to continue to use the drug out of fear of withdrawal symptoms. This
makes marijuana quite different than other drugs of use. For example,
individuals who have an alcohol or opiate use disorder will become
extremely sick, even fatally so, if they suddenly cease use of their
drug of use. Such users of alcohol or opiates may continue use of their
drug just to avoid the development of withdrawal symptoms.
Withdrawal symptoms can be variable among chronic marijuana users.
Some of this variability is a direct result of the typical use pattern.
Heavier users are more likely to experience withdrawal symptoms.
However, even after typical use variability is taken into consideration,
some users experience almost no withdrawal, while others experience
significant psychological and physical withdrawal symptoms. Recent
research suggests that genetic factors may play an important role in
the variability of withdrawal from marijuana.
There are natural variations in the gene that regulates the
endocannabinoid system, which is the receptor system upon which
THC acts. In one study, researchers recruited 105 college students
who were daily marijuana smokers. Participants were tested once at
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baseline and then again 5 days after abstinence. As expected,
withdrawal symptoms differed considerably. The researchers found a
difference among subjects in their cannabinoid receptor 1 (CNR1)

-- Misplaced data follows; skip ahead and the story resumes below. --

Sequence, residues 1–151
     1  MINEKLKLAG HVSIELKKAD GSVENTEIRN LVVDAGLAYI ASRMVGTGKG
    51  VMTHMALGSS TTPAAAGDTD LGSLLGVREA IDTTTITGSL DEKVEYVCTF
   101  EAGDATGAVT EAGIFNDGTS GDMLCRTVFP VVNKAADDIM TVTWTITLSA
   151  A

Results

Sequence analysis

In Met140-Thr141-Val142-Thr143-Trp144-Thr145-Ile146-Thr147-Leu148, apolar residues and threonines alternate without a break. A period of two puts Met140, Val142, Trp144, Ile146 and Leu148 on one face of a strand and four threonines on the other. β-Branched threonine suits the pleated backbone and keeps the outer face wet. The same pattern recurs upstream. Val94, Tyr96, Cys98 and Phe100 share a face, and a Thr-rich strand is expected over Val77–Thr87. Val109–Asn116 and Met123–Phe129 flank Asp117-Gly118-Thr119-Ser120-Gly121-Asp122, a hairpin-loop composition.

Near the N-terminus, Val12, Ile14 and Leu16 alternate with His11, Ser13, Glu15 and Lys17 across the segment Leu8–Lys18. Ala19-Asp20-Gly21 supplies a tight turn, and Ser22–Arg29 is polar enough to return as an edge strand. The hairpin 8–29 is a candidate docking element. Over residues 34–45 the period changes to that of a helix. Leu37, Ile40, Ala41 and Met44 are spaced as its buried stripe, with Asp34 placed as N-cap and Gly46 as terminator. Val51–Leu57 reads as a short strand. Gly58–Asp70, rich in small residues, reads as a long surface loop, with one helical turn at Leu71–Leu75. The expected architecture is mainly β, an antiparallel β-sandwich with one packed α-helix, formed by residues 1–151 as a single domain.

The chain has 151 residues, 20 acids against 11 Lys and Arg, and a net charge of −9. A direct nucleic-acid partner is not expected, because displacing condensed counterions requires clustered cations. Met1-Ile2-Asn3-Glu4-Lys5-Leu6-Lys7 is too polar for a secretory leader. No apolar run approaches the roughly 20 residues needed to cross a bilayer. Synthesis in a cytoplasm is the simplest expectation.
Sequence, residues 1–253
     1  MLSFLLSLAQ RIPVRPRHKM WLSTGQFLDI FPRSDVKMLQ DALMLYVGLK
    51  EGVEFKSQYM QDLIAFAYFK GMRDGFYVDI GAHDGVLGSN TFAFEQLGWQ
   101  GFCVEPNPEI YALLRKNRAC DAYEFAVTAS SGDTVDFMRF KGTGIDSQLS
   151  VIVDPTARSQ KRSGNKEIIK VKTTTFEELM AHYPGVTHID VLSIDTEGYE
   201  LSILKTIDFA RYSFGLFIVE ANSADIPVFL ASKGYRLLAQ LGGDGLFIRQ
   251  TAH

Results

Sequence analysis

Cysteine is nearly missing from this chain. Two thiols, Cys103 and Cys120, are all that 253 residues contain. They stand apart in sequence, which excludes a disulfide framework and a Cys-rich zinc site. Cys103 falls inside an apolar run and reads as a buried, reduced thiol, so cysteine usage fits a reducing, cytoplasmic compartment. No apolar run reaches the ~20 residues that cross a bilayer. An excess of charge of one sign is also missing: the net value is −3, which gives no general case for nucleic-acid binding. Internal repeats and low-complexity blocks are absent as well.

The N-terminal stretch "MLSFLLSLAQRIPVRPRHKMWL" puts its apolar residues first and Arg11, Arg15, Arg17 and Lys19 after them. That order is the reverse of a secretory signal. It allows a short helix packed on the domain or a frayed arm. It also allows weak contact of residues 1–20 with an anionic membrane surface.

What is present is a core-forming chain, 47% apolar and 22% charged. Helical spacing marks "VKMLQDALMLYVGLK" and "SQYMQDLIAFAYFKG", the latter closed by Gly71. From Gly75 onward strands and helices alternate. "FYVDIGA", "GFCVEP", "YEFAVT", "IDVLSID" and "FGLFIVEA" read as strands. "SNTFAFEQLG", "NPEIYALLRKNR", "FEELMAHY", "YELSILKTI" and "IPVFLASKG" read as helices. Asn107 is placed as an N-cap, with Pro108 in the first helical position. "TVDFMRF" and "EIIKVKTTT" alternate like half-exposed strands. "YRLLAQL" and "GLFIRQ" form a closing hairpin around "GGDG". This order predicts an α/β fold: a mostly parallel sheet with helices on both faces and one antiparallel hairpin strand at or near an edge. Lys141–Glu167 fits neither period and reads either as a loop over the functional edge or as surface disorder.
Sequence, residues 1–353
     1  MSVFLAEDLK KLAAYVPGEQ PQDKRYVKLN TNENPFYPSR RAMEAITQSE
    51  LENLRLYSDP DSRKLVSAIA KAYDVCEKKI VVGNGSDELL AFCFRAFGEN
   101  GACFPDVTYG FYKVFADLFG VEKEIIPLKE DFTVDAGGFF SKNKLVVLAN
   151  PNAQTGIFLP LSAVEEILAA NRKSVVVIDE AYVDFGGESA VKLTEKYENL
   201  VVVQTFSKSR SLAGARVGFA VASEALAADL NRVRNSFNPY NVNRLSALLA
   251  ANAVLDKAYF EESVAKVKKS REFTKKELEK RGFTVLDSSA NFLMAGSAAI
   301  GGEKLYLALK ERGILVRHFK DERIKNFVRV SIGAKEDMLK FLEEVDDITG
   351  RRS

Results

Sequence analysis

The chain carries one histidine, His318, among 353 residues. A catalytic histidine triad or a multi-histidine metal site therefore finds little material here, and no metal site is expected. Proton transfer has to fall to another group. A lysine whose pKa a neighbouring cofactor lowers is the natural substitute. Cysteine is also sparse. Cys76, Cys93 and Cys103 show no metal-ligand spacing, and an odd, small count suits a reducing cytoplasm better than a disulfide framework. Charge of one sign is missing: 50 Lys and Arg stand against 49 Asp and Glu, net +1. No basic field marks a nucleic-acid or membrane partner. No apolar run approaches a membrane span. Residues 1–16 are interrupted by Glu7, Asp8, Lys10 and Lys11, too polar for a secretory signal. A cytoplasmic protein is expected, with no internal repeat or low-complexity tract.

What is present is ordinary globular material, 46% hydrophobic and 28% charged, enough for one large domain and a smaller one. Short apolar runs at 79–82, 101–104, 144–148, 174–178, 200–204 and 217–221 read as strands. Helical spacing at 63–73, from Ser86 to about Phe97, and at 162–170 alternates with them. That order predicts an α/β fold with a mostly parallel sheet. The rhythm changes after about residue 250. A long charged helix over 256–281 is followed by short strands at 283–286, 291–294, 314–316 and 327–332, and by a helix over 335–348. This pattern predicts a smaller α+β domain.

genotype. Subjects either had a T/C SNP (single nucleotide
polymorphism) or a T/T SNP on the CNR1 gene. The individuals with
the T/C genotype had far more pronounced withdrawal symptoms after
abstinence. In sum, there is a genetic contribution to withdrawal
symptoms from marijuana.59
Overview of Cannabis Use Disorder
A problematic pattern of cannabis use can lead to clinically significant
impairment or distress. Typically includes a strong desire to take the
drug, difficulties in controlling its use, persisting in its use despite
harmful consequences, a higher priority given to drug use than to
other activities and obligations, increased tolerance, and sometimes a
physical withdrawal state.20
Diagnostic Features
Cannabis Use Disorder is a condition characterized by the harmful
consequences of repeated cannabis use, a pattern of compulsive
cannabis use, and (sometimes) physiological addiction on cannabis
(i.e., tolerance and/or symptoms of withdrawal). This disorder is only
diagnosed when cannabis use becomes persistent and causes
significant academic, occupational or social impairment.
Cannabis users can develop tolerance to this drug so that it can be
difficult to detect when they are intoxicated. Signs of cannabis use
include red eyes, chronic cough, cannabis odor on clothing, yellowing
of finger tips (from smoking joints), burning of incense (to hide odor),
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and exaggerated craving and impulse for specific foods.
Cannabis Intoxication causes significant psychological and social
impairment. It begins with a "high" euphoric feeling followed by
inappropriate laughter and grandiosity, sedation, lethargy, impairment
in short-term memory, difficulty carrying out complex mental
processes, impaired judgment, distorted sensory perceptions, impaired
motor performance, and the sensation that time is passing slowly.
Occasionally, anxiety, depression, or social withdrawal occurs. This